Individual Variables A variable is observed “Statistics” describe the observed variable Category and/or numerical variables Relationships between variables Two variables observed and measured One of two possible data structures used to determine what type of relationship exists

Relationships Between Variables
Data Structure I: The Correlational Method One group of participants Measurement of two variables for each participant Goal is to describe type and magnitude of the relationship Patterns in the data reveal relationships Non-experimental method of study

Figure 1.4 Data structures for studies evaluating the relationship between variables
Figure 1.4 One of two data structures for studies evaluating the relationship between variables. Note that there are two separate measurements for each individual (wake-up time and academic performance). The same scores are shown in table (a) and graph (b).

Correlational Method Limitations
Can demonstrate the existence of a relationship Does not provide an explanation for the relationship Most importantly, does not demonstrate a cause-and-effect relationship between the two variables

Relationships Between Variables
Data Structure II: Comparing two (or more) groups of Scores One variable defines the groups Scores are measured on second variable Both experimental and non-experimental studies use this structure Instructors may wish to introduce the term “quasi-experimental” in this section.

Figure 1.5 Data structure for studies comparing groups
FIGURE 1.5 The second data structure for studies evaluating the relationship between variables. Note that one variable is used to define the groups and the second variable is measured to obtain scores within each group.

Experimental Method Goal of Experimental Method Manipulation
To demonstrate a cause-and-effect relationship Manipulation The level of one variable is determined by the experimenter Control rules out influence of other variables Participant variables Environmental variables

Figure 1.6 The structure of an experiment
FIGURE 1.6 The structure of an experiment. Participants are randomly assigned to one of two treatment condition: counting money or counting blank pieces of paper. Later, each participant is tested by placing one hand in a bowl of hot (122° F) water and rating the level of pain. A difference between the ratings for the two groups is attributed to the treatment (paper versus money).

Independent/Dependent Variables
Independent Variable is the variable manipulated by the researcher Independent because no other variable in the study influences its value Dependent Variable is the one observed to assess the effect of treatment Dependent because its value is thought to depend on the value of the independent variable

Experimental Method: Control
Methods of control Random assignment of subjects Matching of subjects Holding level of some potentially influential variables constant Control condition Individuals do not receive the experimental treatment. They either receive no treatment or they receive a neutral, placebo treatment Purpose: to provide a baseline for comparison with the experimental condition Experimental condition Individuals do receive the experimental treatment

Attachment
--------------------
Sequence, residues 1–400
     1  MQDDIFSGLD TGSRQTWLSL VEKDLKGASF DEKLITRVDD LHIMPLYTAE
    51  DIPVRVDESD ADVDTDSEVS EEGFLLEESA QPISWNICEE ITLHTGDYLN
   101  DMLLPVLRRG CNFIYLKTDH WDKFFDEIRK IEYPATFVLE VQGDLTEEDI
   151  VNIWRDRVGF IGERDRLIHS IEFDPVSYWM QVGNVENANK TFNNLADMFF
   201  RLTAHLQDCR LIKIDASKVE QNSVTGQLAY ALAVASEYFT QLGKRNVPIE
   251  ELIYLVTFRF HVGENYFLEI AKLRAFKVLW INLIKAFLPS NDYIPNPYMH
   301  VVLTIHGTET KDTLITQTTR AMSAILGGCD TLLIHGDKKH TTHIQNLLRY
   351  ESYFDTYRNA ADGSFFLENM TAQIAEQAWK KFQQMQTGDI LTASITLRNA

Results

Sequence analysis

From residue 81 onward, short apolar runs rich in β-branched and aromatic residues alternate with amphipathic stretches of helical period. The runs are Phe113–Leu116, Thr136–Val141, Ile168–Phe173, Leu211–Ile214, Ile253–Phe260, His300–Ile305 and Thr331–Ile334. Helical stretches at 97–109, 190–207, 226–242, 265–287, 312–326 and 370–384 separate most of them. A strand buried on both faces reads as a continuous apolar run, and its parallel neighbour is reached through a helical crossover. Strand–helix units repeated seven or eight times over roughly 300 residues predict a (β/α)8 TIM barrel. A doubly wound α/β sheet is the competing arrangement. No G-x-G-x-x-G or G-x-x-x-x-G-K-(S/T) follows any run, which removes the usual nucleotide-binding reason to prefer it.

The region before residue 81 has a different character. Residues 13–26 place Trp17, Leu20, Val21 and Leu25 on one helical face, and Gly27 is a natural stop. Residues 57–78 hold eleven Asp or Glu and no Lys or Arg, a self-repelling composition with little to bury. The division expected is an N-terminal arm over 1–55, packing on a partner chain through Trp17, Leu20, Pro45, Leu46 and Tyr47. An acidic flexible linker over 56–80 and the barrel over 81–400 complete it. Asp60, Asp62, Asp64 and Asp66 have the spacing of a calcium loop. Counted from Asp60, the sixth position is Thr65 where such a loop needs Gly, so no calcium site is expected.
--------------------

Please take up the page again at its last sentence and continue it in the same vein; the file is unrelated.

Non-experimental Methods
Non-equivalent Groups Researcher compares groups Researcher cannot control who goes into which group Pre-test / Post-test Individuals measured at two points in time Researcher cannot control influence of the passage of time Independent variable is quasi-independent

Figure 1.7 Two examples of non-experimental studies
Insert NEW Figure 1.7 FIGURE 1.7 Two examples of nonexperimental studies that involve comparing two groups of scores. In (a), a participant variable (gender) is used to create groups, and then the dependent variable (verbal score) is measured in each group. In (b), time is the variable used to define the two groups, and the dependent variable (depression) is measured at each of the two times.

Learning Check Researchers observed that students exam scores were higher the more sleep they had the night before. This study is … A Descriptive B Experimental comparison of groups C Non-experimental group comparison D Correlational

Researchers observed that students exam scores were higher the more sleep they had the night before. This study is … A Descriptive B Experimental comparison of groups C Non-experimental group comparison D Correlational

Learning Check Decide if each of the following statements is True or False. T/F All research methods have an independent variable All research methods can show cause-and-effect relationships

False Correlational methods do not need an independent variable Only experiments control the influence of participants and environmental variables

1.4 Variables and Measurement
Scores are obtained by observing and measuring variables that scientists use to help define and explain external behaviors The process of measurement consists of applying carefully defined measurement procedures for each variable

Constructs & Operational Definitions